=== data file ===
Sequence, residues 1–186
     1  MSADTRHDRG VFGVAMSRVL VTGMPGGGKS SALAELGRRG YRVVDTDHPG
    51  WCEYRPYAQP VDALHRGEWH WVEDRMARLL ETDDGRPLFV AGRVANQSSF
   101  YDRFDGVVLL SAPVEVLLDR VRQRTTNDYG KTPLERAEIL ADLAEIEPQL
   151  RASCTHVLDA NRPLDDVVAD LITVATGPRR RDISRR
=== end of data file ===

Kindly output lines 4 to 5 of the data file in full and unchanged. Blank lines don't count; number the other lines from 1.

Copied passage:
   101  YDRFDGVVLL SAPVEVLLDR VRQRTTNDYG KTPLERAEIL ADLAEIEPQL
   151  RASCTHVLDA NRPLDDVVAD LITVATGPRR RDISRR